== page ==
Seasons are starting to change down here, and there are less 'Nortes' to deal with. Temps are also starting to rise again (90+ yesterday).
Took a short 3 day cruise to some of the local islands near Puerto Escondido and camped out on their beaches.One great thing about desert beach camping is the lack of bugs. We also timed the cruise so tides weren't too extreme either.
First day was a short run over to Isla Carmen and a spot called 'Bahia Marquer". Wide open beach that gave us protection from the SE winds that day, but not a lot of shade to keep the Sun off of us (next cruise will include a foldable 'cabana' style shelter....).
Second day we spent all of our time trying to beat against wind/tide through the pass between Isla Carmen and Isla Danzante. 7 miles in 7 hours in 90 degrees.... By the time we made it through and found the second camp site we were whupped. BUT the second camp site was pretty spectacular! Too small for larger boats, but protected from winds in 3 directions with large over hanging cliffs/caves for protection.
As you can see from the attached pix having a small, beachable boat opens up big territory. We would anchor fore/aft in a way we could adjust our distance off the beach in case of weather, and in the worst case scenario we could still swim out to the boat and haul ourselves beyond the surf line. A Bruce anchor worked well on the bow, while a Danforth type was perfect as the beach anchor as it really dug deeply into the sand. Bottoms here can be rocky but if you make an exploratory pass before anchoring you can usually spot sandy patches as the water is SO clear.
At night we could hear dolphin swimming off the beach, and near dusk we could see the "blows" from Finback whales running through the channel. But we missed the Blue whale by a few weeks. Since the ONLY way to get out to these locations is by boat, and it IS a national marine park there wasn't the usual tourist trash. Instead we'd find skeletons of prior sea life occupants.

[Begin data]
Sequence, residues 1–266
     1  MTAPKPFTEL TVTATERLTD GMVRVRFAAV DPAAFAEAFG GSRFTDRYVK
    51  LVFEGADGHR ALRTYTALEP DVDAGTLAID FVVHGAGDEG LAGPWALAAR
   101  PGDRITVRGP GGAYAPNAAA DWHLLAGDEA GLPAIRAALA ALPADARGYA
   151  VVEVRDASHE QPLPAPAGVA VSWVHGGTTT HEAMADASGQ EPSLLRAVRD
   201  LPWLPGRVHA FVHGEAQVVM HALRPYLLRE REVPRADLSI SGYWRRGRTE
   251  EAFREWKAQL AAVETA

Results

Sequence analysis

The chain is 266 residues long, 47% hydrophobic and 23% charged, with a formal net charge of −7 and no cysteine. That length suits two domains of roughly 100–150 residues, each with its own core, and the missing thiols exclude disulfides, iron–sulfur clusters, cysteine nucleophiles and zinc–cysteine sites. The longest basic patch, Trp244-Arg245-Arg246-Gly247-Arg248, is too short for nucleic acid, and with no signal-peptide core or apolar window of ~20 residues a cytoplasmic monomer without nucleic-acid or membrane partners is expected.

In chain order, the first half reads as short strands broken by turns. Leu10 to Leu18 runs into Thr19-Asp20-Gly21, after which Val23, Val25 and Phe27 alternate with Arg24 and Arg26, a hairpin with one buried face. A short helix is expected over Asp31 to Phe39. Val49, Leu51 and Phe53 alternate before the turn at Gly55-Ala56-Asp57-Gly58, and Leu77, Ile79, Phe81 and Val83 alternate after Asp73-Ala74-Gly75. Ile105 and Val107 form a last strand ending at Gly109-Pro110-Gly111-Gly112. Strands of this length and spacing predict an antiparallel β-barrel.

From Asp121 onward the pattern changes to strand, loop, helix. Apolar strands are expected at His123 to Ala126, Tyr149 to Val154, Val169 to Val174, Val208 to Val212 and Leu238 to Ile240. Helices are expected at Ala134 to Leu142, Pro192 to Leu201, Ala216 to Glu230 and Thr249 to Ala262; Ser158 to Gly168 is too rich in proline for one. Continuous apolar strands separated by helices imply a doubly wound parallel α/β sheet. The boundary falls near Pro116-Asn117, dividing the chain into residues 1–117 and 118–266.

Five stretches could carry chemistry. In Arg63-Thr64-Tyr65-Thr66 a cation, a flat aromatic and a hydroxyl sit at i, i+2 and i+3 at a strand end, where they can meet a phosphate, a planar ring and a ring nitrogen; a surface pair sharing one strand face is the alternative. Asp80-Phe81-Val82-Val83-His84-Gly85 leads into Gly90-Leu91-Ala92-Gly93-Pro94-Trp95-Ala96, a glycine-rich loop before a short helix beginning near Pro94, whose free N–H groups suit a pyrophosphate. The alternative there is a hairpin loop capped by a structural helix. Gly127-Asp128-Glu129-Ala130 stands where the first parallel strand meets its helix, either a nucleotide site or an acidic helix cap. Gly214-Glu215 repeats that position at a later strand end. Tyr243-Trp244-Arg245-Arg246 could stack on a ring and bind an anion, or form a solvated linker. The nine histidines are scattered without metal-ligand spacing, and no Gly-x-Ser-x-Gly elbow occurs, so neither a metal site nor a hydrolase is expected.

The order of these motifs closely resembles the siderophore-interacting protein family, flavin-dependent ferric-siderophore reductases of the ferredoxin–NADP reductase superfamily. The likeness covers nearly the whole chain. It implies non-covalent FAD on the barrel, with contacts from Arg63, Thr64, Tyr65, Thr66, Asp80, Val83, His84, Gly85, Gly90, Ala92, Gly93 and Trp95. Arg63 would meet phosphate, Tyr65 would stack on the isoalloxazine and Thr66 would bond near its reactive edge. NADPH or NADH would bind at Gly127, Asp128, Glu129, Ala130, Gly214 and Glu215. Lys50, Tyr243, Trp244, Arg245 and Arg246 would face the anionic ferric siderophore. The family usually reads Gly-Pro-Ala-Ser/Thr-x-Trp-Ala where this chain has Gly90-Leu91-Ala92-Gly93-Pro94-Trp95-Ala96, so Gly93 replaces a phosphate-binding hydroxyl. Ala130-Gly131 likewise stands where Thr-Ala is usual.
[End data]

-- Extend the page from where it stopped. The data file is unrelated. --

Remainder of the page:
last day of the cruise we finally got to run downwind for hours on end, but as we neared the marina the wind shifted again, and the 10 knot breezes went to over 20 in a heart beat. We just pinched along until we got under the lee of the headland and then got the sails down to motor into the marina.
Looooong political story but ALL of us who were moored outside the marina were 'evicted' last month as the marina decided it wanted to "expand", so we were all given 3 months of free mooring inside the marina. Next season I will probably be trailer sailing Petunia down here which will open up my range tremendously....
Gonna leave her down here for the Summer while I drive North to Mendocino and finish off 'Rancho Palumbo'. Then I have to fly back East load up a U haul with the rest of my tools/gear and drive it back West. Rented a house down here for next year which will allow me to work on Petunia a little and do some maintenance work she is deserving of...